Let’s delve into the paradox of God’s sovereignty coupled with human responsibility. Our God is not a passive observer—He is the sovereign Lord of history, fully in control of all events and outcomes. Yet, mysteriously, He has chosen to use the obedience and faithfulness of His people to accomplish His will. This often means facing suffering, persecution, or public scorn. The early church didn’t expand through cultural capitulation but through sacrificial love and uncompromising fidelity to Christ, even when that meant martyrdom.
The strategy of appeasement is futile and unbiblical. To those who would argue for a more compliant stance for the sake of societal harmony, I point you to the early Church, to apostles who rejoiced that they were counted worthy to suffer disgrace for the Name (Acts 5:41). The history of Christianity is a chronicle of men and women who chose to please God rather than man, knowing well the cost of such a choice. The same courage is demanded of us today.
Part of that courage manifests in seeking the welfare of the society we inhabit. Christians are not to retreat into monastic enclaves but are called to be the salt of the earth and the light of the world (Matthew 5:13-14). This means applying our biblical worldview rigorously to social and political issues, seeking justice, upholding righteousness, and promoting the common good in line with the divine will. This active faith may extend to the voting booth when possible where we choose leaders committed to restraining and punishing evil and defending the freedom to worship God rightly.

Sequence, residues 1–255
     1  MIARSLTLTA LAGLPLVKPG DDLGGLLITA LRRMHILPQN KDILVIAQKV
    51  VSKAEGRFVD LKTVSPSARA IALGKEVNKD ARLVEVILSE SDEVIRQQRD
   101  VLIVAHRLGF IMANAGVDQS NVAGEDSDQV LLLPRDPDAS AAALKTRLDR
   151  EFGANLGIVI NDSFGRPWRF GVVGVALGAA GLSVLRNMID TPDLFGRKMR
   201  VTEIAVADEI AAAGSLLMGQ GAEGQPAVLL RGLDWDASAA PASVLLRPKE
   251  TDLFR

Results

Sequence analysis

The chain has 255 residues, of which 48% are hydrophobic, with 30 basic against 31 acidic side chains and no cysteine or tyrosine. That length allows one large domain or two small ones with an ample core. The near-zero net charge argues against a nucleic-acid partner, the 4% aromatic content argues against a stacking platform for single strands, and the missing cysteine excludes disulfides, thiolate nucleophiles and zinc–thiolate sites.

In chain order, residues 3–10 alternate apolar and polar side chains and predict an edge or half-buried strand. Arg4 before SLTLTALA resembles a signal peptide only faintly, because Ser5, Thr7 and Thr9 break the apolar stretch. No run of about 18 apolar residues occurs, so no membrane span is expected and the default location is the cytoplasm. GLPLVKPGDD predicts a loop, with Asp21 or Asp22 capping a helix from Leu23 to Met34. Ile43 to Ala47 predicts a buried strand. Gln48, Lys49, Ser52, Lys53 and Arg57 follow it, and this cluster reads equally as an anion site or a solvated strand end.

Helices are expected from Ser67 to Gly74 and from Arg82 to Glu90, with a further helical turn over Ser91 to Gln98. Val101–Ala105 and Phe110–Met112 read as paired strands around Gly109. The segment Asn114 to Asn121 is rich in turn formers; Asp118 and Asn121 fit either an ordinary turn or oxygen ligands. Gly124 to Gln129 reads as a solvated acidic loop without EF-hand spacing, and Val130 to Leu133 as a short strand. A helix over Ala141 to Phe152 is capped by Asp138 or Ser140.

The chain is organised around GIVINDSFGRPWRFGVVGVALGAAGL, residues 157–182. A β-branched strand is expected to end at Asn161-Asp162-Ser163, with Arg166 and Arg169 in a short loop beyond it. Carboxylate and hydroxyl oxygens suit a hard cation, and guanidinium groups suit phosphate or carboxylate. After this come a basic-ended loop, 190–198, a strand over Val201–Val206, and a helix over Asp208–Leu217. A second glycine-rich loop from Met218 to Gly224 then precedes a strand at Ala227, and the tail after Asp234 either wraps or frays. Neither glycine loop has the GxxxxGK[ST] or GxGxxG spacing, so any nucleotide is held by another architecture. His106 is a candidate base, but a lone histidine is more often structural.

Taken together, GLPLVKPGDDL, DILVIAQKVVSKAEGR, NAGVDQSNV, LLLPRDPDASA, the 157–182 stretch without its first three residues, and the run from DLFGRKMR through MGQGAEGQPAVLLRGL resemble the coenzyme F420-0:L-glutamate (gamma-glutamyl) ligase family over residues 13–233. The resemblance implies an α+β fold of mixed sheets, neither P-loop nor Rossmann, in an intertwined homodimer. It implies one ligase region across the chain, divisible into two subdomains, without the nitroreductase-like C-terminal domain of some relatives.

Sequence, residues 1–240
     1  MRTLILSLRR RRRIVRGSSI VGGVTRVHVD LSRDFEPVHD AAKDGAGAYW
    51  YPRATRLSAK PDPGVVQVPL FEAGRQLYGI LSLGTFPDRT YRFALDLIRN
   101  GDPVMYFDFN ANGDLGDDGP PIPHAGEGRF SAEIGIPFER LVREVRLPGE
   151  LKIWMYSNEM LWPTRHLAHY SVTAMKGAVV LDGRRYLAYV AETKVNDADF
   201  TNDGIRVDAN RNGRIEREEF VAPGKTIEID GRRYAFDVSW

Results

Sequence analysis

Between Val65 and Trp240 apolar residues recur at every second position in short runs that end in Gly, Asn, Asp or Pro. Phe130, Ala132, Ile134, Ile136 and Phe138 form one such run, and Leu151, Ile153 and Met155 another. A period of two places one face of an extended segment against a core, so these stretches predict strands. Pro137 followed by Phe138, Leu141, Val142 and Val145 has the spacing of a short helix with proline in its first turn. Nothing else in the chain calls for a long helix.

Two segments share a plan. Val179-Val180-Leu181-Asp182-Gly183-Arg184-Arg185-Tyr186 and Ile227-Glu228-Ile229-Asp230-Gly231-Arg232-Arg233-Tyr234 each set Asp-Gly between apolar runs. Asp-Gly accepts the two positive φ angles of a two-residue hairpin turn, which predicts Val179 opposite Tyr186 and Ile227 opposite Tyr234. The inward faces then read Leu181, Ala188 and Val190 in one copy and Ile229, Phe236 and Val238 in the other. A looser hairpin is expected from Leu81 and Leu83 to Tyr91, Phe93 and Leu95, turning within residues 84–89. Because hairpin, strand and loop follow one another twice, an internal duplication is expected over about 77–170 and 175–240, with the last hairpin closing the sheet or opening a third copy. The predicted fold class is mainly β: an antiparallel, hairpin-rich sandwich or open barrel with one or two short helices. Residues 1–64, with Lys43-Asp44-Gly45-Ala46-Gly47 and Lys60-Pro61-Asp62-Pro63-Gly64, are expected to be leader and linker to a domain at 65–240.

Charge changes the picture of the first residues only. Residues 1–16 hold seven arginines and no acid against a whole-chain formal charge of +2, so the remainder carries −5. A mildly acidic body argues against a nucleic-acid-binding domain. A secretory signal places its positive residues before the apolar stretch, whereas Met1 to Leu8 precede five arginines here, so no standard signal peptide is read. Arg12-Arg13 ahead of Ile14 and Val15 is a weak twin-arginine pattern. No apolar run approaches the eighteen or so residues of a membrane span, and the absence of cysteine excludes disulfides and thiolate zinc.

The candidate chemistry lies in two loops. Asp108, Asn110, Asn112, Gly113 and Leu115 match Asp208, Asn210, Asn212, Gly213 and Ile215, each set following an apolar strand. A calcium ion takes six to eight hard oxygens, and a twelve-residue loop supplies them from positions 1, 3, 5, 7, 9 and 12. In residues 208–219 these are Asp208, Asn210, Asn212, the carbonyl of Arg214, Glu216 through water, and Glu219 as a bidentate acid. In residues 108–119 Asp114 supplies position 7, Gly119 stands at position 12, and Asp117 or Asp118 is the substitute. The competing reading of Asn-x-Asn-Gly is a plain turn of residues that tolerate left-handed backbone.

And in this struggle, forsaking the gathering is not an option. Hebrews 10:25 exhorts us to not give up meeting together, especially as we see the Day of the Lord approaching. It is in this assembly, fortified by the Word and fellowship, that we find the strength to confront the darkening world around us. Here, the voice of God will not be silenced, drowned out by the cacophony of a godless culture. Rather, it will ring out, clear and true, a voice of reason, sanity, and hope for all who hear. In a world teetering on the brink of moral and spiritual chaos, the Church is the fortress of truth, a city set on a hill that cannot be hidden (Matthew 5:14).
As we come together to worship, we are not just fortifying ourselves but also raising a standard for the world to see—a standard of divine love, unshakable truth, and moral clarity. This is our Christian duty, not just for our own sakes but for a desperate world in need of the power of the Gospel.
So let the world rage, let institutions sneer, let governments legislate against us—the Church of Jesus Christ will not retreat. We serve a Risen Savior, the King of Kings, and Lord of Lords. The gates of hell will not prevail against His Church. Stand firm, beloved. The battle belongs to the Lord, and victory is assured. But let it never be said that when the world asked us to bow, we did anything other than stand.